Restrictions on Negro Voting in Mississippi History: Appendix to the Brief of the American Civil Liberties Union, Amicus Curiae (James Meredith)

Restrictions on Negro Voting in Mississippi History: Appendix to the Brief of the American Civil Liberties Union, Amicus Curiae (James Meredith)

 Kenneth D Kemper; United States. Supreme Court.; American Civil Liberties Union.

New York : Record Press, 1964


[Mississippi, Civil Rights, James Meredith] Rebound in navy cloth with gold spine lettering.  24 cm. Hardcover. Original blue wraps bound in.  Fine binding and cover. Clean, unmarked pages. 1a-133a pages. <br>  "In the Supreme Court of the United States, Oct. term, 1964, no. 73, United States of America, Appellant, v. State of Mississippi; Ross R. Barnett [and others] Appellees." 

Mississippi's governor and various officials were charged with contempt of court over their continued attempts to block James Meredith's entry into the University of Mississippi.  This amicus brief laid out the history of Mississippi's disenfranchisement of black voting.  "The proceeding is the aftermath of the efforts of James Meredith, a Negro, to attend the University of Mississippi. Meredith sought admission in 1961 and, upon refusal, filed suit in the United States District Court for the Southern District of Mississippi. 202 F.Supp. 224. That court denied relief, but the Court of Appeals reversed and directed the District Court to grant the relief prayed for. Meredith v. Fair, 5 Cir., 305 F.2d 343. The mandate was stayed by direction of a single judge of the Court of Appeals, whereupon, on July 27, 5 Cir., 306 F.2d 374, the Court of Appeals set aside the stay, recalled the mandate, amended and reissued it, including its own injunctive order 'enjoining and compelling' the Board of Trustees, officials of the University and all persons having knowledge of the decree to admit Meredith to the school. On the following day the Court of Appeals entered a separate and supplemental 'injunctive order' directing the same parties to admit Meredith and to refrain from any act of discrimination relating to his admission or continued attendance. By its terms, this order was to remain in effect 'until such time as there has been full and actual compliance in good faith with each and all of said orders by the actual admission of (Meredith)' After a series of further delays, the District Court entered its injunction on September 13, 1962, directing the members of the Board of Trustees and the officials of the University to register Meredith. When it became apparent that the decrees might not be honored, the United States applied to the Court of Appeals on September 18 for permission to appear in the Court of Appeals in the case."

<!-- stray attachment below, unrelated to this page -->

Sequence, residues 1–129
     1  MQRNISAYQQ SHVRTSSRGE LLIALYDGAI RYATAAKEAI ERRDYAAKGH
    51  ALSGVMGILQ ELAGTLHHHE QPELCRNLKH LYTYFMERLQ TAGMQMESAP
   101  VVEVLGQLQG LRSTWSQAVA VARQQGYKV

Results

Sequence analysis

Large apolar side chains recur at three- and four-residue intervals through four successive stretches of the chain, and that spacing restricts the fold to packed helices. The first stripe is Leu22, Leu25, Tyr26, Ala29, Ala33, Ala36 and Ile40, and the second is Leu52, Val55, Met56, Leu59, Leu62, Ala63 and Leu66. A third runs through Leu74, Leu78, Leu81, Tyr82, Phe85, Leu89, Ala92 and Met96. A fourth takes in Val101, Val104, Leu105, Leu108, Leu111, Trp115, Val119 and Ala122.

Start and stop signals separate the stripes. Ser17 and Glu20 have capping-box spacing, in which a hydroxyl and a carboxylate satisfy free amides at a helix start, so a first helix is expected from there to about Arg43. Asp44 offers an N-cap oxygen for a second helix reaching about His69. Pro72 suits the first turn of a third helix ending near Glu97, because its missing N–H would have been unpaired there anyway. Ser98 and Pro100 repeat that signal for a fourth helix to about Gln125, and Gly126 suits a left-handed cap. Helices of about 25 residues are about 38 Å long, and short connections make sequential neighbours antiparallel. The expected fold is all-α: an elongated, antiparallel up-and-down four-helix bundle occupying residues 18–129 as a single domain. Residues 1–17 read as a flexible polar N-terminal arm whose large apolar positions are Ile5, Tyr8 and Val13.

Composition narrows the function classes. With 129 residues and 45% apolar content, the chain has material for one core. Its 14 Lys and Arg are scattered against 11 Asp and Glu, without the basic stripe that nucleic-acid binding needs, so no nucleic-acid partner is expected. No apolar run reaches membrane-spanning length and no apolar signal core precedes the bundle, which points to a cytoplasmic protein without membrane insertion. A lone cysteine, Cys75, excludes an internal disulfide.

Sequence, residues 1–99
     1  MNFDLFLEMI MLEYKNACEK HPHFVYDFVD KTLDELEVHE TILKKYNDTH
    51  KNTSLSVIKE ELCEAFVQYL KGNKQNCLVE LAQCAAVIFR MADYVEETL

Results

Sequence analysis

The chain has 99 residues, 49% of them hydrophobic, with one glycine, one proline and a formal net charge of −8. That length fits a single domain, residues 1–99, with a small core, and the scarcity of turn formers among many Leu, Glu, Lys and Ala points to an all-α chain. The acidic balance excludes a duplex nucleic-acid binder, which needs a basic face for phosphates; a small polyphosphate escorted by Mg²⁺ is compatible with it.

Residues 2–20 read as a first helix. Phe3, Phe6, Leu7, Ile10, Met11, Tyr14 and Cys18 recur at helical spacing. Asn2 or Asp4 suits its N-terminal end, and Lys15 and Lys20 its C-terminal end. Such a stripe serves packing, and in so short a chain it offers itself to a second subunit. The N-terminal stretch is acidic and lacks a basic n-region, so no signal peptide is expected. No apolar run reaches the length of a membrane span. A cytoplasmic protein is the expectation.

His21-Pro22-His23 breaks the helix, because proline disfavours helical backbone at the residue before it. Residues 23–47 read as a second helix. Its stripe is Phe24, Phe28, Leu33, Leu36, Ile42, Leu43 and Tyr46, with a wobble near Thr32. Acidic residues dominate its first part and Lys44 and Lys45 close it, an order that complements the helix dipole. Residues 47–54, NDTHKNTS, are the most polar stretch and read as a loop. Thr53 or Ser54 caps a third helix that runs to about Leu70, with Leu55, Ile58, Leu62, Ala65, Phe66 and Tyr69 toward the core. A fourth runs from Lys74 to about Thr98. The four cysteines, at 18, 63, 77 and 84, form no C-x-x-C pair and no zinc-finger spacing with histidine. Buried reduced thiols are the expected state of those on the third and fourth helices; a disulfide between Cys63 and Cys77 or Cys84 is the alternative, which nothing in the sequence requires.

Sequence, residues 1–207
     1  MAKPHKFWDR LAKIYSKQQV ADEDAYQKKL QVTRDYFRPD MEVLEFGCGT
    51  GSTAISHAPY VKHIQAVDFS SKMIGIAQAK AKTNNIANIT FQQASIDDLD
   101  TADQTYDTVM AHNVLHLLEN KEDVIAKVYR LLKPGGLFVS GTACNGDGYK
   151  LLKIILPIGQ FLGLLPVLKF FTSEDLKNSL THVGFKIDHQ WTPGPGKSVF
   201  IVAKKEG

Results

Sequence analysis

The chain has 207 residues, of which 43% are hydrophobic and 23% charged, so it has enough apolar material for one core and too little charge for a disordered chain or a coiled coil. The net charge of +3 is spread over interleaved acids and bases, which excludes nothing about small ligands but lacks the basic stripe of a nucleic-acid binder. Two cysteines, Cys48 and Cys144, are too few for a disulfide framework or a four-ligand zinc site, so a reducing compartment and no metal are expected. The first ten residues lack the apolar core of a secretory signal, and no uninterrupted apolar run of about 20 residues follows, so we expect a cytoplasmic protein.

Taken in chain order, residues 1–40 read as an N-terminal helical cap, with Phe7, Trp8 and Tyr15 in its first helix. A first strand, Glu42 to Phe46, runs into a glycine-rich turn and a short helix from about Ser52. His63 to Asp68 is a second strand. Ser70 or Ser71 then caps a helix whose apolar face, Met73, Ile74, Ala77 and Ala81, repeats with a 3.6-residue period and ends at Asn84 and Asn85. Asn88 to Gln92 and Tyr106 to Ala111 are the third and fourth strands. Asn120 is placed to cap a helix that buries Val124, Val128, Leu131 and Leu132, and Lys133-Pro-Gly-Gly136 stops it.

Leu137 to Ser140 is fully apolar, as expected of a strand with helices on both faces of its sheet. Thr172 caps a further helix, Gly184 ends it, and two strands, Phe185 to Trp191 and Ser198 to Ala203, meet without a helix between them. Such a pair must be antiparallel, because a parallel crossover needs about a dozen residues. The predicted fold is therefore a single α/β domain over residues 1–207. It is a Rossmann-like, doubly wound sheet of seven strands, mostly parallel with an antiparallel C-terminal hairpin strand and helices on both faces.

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Tags: African American History, American History, First Edition, Fine Bindings